Figure 2b shows the experimental result of a simple kinetic study by mass spectroscopy in which the only kinetic variable is the He flow rate in the Ar/He inert gas mixture introduced to the condensation chamber. In this case, the sputtering power is kept at a relatively large value of 135 W and the Ar flow rate is kept constant at 90 standard cubic centimetres per minute (sccm). Here, the main result of increasing the He flow rate is the decrease of the mean value of the nanoparticle size as well as the number of particles detected (as represented by the area under the main peak of the mass spectrum). To the first approximation, the inverse of the He flow-rate can be interpreted as proportional to the dwell time of the nanoparticles while traversing the condensation chamber. In Supplementary Discussion SD-2 (Influence of He flow rate on the formation of Pt nanoparticles), we show that, initially, the number of the nanoparticles detected grows quickly with the transit time, then stabilizes at roughly a constant value, which indicates that the He flow rate we have applied is sufficiently small that has little effect on the number of nanoparticles in the beam. Interestingly, the mean particle size increases throughout the full range of the nanoparticle transit times and the evolution can be fitted to a single exponential relationship. This phenomenon suggests strongly that the increase in particle size is likely due to adatom condensation on the existing nanoparticle nuclei which is enhanced due to longer effective transit time18. We also see that the mass spectra are largely symmetrically distributed, closer to Gaussian than log-normal distribution, suggesting that the possibility of nanoparticle size increase through He-enhanced two-body collision of Pt nanoparticles is also small19. Particle-particle aggregation would often lead to either elongated or fractal shaped clusters20, which are not observed here.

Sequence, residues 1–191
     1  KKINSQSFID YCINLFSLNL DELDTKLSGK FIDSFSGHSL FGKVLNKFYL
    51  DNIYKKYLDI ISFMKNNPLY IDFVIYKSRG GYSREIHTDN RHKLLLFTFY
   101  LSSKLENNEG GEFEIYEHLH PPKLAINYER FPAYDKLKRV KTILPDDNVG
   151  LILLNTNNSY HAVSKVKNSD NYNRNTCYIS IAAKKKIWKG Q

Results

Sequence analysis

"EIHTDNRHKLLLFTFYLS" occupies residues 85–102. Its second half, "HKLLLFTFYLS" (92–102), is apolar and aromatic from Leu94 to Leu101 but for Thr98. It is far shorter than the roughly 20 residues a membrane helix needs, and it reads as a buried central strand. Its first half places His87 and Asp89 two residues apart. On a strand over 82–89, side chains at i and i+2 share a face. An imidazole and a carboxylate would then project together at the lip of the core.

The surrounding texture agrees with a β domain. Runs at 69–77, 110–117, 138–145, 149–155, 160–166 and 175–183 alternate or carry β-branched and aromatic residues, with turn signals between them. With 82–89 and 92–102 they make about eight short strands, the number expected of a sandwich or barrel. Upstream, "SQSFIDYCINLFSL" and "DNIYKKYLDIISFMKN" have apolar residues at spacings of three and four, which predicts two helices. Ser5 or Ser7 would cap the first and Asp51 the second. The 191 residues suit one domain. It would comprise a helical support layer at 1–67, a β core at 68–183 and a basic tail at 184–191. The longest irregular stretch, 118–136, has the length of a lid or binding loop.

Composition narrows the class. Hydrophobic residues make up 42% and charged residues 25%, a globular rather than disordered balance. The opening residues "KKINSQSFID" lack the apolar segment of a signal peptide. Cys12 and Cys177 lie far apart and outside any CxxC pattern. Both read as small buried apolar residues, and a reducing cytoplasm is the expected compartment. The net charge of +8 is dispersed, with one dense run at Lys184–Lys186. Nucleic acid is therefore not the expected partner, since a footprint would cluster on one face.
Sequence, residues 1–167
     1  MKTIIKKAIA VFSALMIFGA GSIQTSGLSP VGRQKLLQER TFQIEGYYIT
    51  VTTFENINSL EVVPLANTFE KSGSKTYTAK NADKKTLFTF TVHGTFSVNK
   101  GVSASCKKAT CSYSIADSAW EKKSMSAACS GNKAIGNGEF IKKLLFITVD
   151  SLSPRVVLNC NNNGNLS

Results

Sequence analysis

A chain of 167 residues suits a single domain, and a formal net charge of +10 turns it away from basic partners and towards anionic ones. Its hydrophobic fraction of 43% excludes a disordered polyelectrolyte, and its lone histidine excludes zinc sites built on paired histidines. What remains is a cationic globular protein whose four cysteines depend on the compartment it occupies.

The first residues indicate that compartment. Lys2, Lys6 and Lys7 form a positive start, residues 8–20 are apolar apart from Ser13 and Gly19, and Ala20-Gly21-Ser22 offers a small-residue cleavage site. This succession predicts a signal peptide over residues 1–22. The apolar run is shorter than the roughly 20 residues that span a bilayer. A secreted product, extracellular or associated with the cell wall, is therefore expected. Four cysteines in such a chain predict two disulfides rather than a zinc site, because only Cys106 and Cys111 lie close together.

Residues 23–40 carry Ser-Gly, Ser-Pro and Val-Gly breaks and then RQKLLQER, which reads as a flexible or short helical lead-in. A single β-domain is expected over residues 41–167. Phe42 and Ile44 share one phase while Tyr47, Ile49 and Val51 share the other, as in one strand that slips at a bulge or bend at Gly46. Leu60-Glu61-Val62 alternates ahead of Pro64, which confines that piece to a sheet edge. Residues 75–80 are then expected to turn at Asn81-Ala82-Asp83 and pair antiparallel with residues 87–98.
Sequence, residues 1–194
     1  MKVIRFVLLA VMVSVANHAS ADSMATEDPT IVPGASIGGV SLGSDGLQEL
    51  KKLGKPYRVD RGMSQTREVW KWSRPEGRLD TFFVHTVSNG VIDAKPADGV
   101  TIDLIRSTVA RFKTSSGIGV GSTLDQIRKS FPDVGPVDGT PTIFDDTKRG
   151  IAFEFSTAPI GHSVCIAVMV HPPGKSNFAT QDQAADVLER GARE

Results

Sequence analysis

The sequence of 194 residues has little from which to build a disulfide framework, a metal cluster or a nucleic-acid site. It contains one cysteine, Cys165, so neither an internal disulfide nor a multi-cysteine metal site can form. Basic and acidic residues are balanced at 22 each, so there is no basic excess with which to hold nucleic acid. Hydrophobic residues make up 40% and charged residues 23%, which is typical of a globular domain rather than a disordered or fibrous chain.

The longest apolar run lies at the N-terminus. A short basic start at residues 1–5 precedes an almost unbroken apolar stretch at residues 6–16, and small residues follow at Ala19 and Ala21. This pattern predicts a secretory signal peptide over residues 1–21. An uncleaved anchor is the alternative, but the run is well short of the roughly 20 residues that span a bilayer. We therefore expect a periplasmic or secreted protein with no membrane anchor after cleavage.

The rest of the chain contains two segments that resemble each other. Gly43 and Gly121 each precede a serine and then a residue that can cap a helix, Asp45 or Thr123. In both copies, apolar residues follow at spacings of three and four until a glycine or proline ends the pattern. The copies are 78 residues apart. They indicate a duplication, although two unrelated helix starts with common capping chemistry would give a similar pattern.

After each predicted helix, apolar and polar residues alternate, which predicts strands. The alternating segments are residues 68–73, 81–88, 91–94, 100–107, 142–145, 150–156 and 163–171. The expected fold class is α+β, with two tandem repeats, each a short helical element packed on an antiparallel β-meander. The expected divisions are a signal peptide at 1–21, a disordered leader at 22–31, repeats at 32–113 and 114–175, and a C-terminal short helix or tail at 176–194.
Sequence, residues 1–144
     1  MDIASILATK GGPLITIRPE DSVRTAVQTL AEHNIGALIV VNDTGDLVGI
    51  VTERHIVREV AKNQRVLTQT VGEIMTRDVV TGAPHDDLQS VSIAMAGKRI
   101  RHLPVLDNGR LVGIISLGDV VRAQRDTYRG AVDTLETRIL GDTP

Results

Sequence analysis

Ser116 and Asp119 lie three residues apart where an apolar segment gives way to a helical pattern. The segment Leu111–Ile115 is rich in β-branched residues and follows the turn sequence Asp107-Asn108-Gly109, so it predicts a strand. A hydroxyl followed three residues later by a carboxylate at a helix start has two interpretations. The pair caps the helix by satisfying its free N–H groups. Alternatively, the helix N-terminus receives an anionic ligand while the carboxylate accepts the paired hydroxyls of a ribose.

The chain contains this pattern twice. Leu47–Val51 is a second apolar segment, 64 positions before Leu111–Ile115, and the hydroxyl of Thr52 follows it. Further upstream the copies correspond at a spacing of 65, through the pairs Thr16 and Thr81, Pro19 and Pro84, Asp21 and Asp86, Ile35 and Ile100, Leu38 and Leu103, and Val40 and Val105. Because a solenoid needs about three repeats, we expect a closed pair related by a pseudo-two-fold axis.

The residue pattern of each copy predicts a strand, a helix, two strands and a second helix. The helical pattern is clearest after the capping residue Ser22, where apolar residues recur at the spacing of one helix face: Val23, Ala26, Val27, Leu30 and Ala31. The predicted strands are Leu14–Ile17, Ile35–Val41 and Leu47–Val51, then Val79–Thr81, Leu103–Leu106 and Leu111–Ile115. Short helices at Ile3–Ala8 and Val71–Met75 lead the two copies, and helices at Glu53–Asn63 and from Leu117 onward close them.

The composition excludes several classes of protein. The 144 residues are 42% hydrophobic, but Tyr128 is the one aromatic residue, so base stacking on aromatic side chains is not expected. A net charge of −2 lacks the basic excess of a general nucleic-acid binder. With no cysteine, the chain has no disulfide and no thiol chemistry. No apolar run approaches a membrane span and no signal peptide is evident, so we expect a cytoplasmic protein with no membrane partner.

We thus can study the growth pathway of the shaped nanoparticles in the adatom adsorption region by examining the shape distribution of the size-selected particles at different He flow-rates. This is done for the nanoparticle size at 3900, 5000, 10,000 and 20,000 when the He flow-rate is at 115 sccm, 70 sccm, 40 sccm and 5 sccm, respectively (see examples in Fig. 2c, d and Supplementary Discussion SD-3, Procedures of capturing images for shape identification and their uncertainty). The shape distributions at 115/70 sccm would be more representative of the particles soon after nucleation near the plasma zone as they are quickly swept through the condensation chamber so opportunity for further growth is limited. The shape distribution at 5 sccm would reflect the further growth of these nuclei as they travel through the condensation chamber at a more leisurely pace. The details of how images are captured for shape identification and their uncertainty are described in Supplementary Discussion (SD-3, Procedures of capturing images for shape identification and their uncertainty). The shapes of the particles are inferred by comparing the experimental HAADF-STEM images of the nanoparticles with that in a library (see Supplementary Discussion SD-4, Tetrahedron and Octahedron Image Libraries) of simulated HAADF-STEM images of ideal tetrahedral and octahedral fcc nanocrystals of comparable sizes at all possible orientations, as we have demonstrated in Fig. 1.